Hippocampal primary cell cultures were prepared from embryonic day 17 Wistar rats (Nippon SLC, Shizuoka, Japan) as described previously . Briefly, hippocampi were dissected after rats had been anesthetized with diethyl ether; excised hippocampi were treated with 45 U of papain (Worthington, PAPL, Lakewood, NJ), 0.01% DNase I (Boehringer-Mannheim, Indianapolis, IN), 0.02% DL-cysteine, 0.02% bovine serum albumin, and 0.5% glucose in PBS for 20 min at 37°C. After adding 20% bovine serum, cells were dissociated by repeatedly passing them through a 1-mL plastic pipette tip. Dispersed cells were plated at a density of 1.1 × 104 cells/cm2 onto poly-L-lysine-coated glass coverslips (Matsunami, Tokyo, Japan) in neurobasal medium (GIBCO BRL, Life Technologies, Rockville, MD) containing 2% B27 supplement (Invitrogen), 500 mM L-glutamine, 0.1 mg/mL streptomycin (Meiji, Tokyo, Japan), and 100 U/mL penicillin (Banyu, Tokyo, Japan). Cultures were maintained in a humidified atmosphere of 5% CO2 in air at 37°C.
Construction of and infection with recombinant adenovirus vectors
The EGFP-coding region (referred as to GFP in this study) derived from pEGFP-C1 (Clontech, Cambridge, UK) was fused in frame to the N-terminus of the full-length or mutated constructs of Cupidin to generate GFP-CPD. The GFP fragment was also fused to Cupidin with a deletion of amino acid residues 191–230 (CPDΔ191–230) to generate GFP-CPDΔ191–230. Replication-deficient adenovirus vectors carrying these GFP-fused constructs were generated by the COS-TPC method, as described previously . Briefly, the DNA fragment of GFP-CPD or GFP-CPDΔ191–230 was inserted into the SwaI site of the pAxCAwt cosmid cassette (Takara, Tokyo, Japan). The resultant cosmid DNA was co-transfected with the complex of the EcoT22I-digested Ad5-dlx DNA and the terminal protein into HEK293 cells, and recombinant adenoviruses were thus obtained by homologous recombination between them. The viruses were propagated in HEK293 cells, and were concentrated and purified by double CsCl step gradient centrifugation. The titers of viruses were measured by the 50% tissue culture infectious dose (TCID50) method. Hippocampal cultures at 19 days in vitro (DIV) were infected with the viruses at a multiplicity of infection (m.o.i.) of 100–200, and were analyzed at post-infection 2 days, corresponding to 21 DIV.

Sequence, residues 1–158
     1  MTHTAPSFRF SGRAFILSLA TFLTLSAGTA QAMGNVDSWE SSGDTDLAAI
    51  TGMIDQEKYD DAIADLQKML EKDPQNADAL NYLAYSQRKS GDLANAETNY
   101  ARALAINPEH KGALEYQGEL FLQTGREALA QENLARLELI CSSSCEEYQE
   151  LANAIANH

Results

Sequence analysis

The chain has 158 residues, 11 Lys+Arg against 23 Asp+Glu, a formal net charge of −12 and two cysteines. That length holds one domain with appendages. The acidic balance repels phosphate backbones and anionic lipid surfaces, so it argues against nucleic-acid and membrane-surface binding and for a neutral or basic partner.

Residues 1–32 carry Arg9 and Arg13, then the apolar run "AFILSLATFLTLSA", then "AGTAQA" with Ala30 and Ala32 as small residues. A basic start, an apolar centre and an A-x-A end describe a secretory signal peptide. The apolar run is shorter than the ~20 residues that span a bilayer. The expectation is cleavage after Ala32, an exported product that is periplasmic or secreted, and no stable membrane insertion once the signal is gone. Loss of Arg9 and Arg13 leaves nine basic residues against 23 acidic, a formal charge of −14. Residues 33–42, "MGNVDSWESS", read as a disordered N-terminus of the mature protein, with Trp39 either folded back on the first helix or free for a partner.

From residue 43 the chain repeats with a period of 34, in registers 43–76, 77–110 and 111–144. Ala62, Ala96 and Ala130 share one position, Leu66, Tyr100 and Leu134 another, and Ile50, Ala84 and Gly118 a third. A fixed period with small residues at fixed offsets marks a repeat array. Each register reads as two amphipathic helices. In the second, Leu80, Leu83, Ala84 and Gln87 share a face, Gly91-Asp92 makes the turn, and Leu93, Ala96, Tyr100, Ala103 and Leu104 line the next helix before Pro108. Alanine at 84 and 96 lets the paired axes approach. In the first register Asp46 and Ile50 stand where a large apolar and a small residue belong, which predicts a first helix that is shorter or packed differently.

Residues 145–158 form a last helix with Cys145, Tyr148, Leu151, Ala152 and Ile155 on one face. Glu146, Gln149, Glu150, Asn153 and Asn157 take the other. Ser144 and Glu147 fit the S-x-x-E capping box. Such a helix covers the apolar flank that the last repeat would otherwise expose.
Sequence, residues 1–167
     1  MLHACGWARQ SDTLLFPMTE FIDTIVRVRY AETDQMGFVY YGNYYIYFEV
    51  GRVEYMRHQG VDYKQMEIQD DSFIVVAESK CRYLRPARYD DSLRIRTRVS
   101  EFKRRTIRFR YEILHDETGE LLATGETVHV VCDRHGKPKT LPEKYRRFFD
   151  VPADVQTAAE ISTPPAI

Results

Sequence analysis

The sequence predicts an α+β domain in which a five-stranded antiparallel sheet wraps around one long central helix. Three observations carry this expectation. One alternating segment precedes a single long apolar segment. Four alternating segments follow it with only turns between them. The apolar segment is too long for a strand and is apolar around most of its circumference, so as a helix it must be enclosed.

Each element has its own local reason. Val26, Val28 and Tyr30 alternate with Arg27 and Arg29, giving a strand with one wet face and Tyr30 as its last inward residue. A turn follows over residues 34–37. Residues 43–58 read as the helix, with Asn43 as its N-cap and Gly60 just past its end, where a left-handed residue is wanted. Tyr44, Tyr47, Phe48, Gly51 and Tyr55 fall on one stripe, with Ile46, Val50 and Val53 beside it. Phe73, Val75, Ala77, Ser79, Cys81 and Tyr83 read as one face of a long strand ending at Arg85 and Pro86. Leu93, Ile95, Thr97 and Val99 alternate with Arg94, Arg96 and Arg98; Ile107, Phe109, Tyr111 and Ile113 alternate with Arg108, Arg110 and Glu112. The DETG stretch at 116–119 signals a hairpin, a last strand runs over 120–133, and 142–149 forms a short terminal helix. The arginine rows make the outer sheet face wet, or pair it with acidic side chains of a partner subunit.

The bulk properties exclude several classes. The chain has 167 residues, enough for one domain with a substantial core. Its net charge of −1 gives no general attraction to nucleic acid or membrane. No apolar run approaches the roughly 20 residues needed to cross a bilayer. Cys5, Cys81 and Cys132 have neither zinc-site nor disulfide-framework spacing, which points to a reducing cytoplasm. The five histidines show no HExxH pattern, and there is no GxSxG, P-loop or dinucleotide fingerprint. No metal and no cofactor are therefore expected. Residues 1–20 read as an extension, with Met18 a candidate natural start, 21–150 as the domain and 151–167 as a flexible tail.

Analysis of spine morphology
Hippocampal cultures were fixed with 4% formaldehyde for 10 min and directly incubated with Oregon Green phalloidin (Molecular Probes, 1:200) overnight at 4°C. DiI (Molecular Probes) emulsion, mixed with cod liver oil at 1 μg/μl, was put onto the somata of neurons, which were identified by phalloidin staining, as a droplet of 20–30 μm in diameter, using a manually handled injector (Narishige, Tokyo, Japan). After incubation overnight at 4°C, the excess un-penetrated DiI emulsions were removed by suction, and DiI images were captured by confocal microscopy (MRC1024; BioRad, Hercules, CA) with 100×, 1.4 NA lens. Digital images were processed using Adobe Photoshop 6.0 software (Adobe Systems, San Jose, CA). Numbers of either GFP-CPD or GFP-CPD puncta were manually counted on the secondary dendrites of 10 neurons and the results presented as the means ± SE; data were compared by a two-tailed unpaired Student t test using Excel software. Spine morphology was categorized into five types as described in the legend for Fig. 4. Over 1,000 protrusions on the secondary dendrites of 20–30 neurons were analyzed for evaluation of spine morphology.